Ways to help prevent food waste and save money

Every year, mountains of perfectly good food are wasted in the UK, destined for landfills or recycling instead of hungry mouths. But this doesn't have to be the case!

Ways to help prevent food waste and save money

Even though food waste recycling has huge benefits for the environment, wouldn't it be better not to waste food at all? At Severn Trent Green Power we encourage everyone to be aware of their food footprint, so we're making people aware of the options when it comes to the redistribution of still-edible food.

And a wave of innovative initiatives is rising to the challenge, transforming food waste from a problem into a delicious solution. Buckle up for brilliant ways to redistribute this edible bounty and save food from going to waste.

Too Good To Go: Tired of supermarket specials ending up untouched? This app connects them with you! Restaurants, cafes and bakeries can list unsold goodies at a fraction of the price, creating "magic bags" containing surprise ingredients that would otherwise cost three or four times what you pay via the app. Sign up and provide your location to see what's available near you. You save money, they avoid waste, everyone wins - and the surprise element adds a playful twist to your dinner plans.

The Too Good to Go app
The Too Good to Go app

Olio: Got leftover curry lurking in the fridge? Don't chuck it! Olio lets you share unwanted food with neighbours and local shops, building a "sharing economy" within your community. Imagine finding that forgotten jar of olives or a bag of apples someone else couldn't finish - a community bounty hunt at your fingertips!

FareShare: This powerhouse charity tackles food poverty by rescuing surplus from farms, manufacturers and supermarkets. They cook this bounty into nutritious meals for vulnerable communities, feeding over 250,000 people a week. Supporting FareShare through volunteering or donations strengthens the critical safety net against food insecurity.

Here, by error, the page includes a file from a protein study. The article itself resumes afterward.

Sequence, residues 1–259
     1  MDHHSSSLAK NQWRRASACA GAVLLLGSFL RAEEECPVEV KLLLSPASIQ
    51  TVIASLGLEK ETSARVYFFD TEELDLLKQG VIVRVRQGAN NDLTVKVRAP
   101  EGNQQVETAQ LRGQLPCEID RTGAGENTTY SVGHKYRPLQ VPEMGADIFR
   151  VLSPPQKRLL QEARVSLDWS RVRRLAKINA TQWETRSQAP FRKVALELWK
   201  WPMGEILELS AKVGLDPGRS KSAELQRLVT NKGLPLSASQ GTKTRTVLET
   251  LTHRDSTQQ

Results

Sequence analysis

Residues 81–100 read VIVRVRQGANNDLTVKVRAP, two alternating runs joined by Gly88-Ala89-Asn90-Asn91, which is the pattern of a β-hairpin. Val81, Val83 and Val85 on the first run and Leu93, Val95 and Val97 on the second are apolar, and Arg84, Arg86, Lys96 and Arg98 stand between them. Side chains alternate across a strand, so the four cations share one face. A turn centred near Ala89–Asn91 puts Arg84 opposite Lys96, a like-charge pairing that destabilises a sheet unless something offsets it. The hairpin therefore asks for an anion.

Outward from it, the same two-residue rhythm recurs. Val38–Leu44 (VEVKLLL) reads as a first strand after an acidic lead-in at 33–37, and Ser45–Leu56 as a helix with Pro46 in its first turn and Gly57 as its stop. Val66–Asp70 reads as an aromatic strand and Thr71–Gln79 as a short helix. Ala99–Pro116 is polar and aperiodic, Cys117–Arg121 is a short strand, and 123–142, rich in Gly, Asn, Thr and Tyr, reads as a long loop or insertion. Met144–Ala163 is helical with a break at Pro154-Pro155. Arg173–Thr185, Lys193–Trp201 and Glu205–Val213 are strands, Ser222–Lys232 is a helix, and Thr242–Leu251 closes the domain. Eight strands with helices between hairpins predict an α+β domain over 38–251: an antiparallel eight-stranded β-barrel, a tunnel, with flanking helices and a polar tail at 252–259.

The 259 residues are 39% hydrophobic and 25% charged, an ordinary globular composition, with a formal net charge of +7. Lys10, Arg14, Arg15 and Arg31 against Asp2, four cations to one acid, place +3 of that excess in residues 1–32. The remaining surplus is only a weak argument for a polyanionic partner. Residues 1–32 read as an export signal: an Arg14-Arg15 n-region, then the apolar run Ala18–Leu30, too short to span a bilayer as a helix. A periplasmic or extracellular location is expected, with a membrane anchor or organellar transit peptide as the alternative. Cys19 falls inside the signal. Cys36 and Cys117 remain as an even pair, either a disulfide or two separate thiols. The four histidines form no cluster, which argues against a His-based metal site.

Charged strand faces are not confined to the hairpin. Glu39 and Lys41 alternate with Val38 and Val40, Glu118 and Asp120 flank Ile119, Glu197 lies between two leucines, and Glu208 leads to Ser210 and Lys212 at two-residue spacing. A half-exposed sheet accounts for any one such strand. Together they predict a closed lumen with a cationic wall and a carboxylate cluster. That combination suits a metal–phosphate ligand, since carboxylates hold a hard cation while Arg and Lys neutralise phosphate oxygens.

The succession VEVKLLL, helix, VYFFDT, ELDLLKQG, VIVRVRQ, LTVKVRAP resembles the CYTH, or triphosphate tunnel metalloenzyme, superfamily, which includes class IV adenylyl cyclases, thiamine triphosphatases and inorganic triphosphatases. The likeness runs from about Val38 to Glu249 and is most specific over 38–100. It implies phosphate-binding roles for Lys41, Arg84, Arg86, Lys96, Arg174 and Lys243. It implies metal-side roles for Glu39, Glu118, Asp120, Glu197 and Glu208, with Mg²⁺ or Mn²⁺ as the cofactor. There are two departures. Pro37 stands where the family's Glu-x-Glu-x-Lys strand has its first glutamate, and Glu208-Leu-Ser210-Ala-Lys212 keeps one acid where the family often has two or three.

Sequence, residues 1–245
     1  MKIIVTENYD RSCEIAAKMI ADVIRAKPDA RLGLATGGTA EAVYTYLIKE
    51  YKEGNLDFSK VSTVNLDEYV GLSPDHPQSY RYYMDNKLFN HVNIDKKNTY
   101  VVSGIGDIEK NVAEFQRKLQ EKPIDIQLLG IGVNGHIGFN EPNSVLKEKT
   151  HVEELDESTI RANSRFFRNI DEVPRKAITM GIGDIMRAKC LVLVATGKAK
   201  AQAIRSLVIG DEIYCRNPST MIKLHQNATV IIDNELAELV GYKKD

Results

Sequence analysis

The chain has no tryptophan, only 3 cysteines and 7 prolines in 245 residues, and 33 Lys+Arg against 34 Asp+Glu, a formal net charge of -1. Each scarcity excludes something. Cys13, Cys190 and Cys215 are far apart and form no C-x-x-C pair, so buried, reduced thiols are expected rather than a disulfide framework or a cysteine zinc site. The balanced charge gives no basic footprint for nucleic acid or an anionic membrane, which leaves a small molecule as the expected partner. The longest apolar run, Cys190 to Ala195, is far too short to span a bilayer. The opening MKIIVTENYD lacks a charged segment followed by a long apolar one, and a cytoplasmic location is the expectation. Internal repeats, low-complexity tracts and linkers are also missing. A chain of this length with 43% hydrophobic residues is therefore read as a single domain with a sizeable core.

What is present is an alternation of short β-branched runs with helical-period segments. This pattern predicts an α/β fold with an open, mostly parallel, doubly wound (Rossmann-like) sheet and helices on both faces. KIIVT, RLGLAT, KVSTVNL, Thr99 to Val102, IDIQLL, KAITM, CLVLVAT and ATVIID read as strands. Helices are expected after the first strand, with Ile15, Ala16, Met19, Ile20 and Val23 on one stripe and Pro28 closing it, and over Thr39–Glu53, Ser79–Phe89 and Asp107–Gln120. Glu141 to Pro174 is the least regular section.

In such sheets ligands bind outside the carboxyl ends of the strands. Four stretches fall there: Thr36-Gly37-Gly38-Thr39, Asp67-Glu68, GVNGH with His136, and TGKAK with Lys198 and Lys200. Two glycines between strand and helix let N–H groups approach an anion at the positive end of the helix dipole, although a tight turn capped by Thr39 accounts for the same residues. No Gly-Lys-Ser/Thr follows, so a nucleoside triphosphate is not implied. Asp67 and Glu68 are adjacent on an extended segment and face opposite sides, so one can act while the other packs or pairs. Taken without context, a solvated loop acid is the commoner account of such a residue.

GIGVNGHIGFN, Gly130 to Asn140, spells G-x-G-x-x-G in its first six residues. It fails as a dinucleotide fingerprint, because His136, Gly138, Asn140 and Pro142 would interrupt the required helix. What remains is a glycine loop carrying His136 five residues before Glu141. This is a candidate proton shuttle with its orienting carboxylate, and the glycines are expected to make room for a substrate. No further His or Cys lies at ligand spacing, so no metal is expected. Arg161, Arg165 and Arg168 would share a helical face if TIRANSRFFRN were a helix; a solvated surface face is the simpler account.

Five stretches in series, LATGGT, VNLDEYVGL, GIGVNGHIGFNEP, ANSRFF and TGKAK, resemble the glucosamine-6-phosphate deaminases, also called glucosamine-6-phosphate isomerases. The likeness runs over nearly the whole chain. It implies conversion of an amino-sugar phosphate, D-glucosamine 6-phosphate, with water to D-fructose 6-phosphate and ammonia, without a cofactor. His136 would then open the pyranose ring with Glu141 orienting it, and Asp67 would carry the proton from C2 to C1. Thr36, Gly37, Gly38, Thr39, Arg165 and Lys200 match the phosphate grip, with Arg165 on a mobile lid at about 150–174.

Community Fridge Network: These grassroots gems are popping up across the country, offering free, fresh food to anyone who needs it. Volunteers collect surplus from local businesses and individuals, creating welcoming spaces where people can share stories and a good meal, fostering a sense of connection and reducing local food waste.

Food in a shared fridge
Food in a shared fridge

FoodCloud: This platform acts as a digital matchmaker, connecting businesses with surplus food to charities and community groups who need it. Their clever tech streamlines the donation process, ensuring nutritious meals reach those who need it most, all while reducing administrative burdens for both sides.

Neighbourly: This social platform harnesses the power of local communities to fight food waste. Users can list unwanted food items to be picked up by neighbours, ensuring perfectly edible goods find new homes instead of the bin. Sharing surplus bread for morning toast or extra fruit for a family smoothie becomes a simple act of neighbourly kindness.

Karma: This app works in very similar fashion to Too Good to Go, but instead of being a surprise, you know exactly what food you're saving when you buy it. Karma is still expanding so doesn't have the same UK coverage that TGTG currently has but sign up now to be notified when there's food to be saved near you.

Nosh / No Waste: These two (unrelated, but similar) apps do a great job of helping you keep track of the food you have in your home, along with its usable shelf life. If you struggle to remember what's nearing its use-by date and what to eat first, one of these apps could be for you. They even have recipe ideas for the ingredients you're looking to use up.

These are just a few of the inspiring initiatives tackling food waste in the UK. From apps to charities to community fridges, the options are diverse and impactful. So, next time you contemplate binning those leftovers, remember - a delicious, sustainable solution could be just a tap or a doorstep away. Join the movement, redistribute, and create a future where good food still feeds, rather than going straight in the bin.

Once food can no longer be consumed, that's when our powerful food waste recycling technology comes into play. So long as the food is brought to our facilities, we can prevent the harm caused by food being sent to landfill and generating greenhouses gases such as methane.

Find out more about our anaerobic digestion process.

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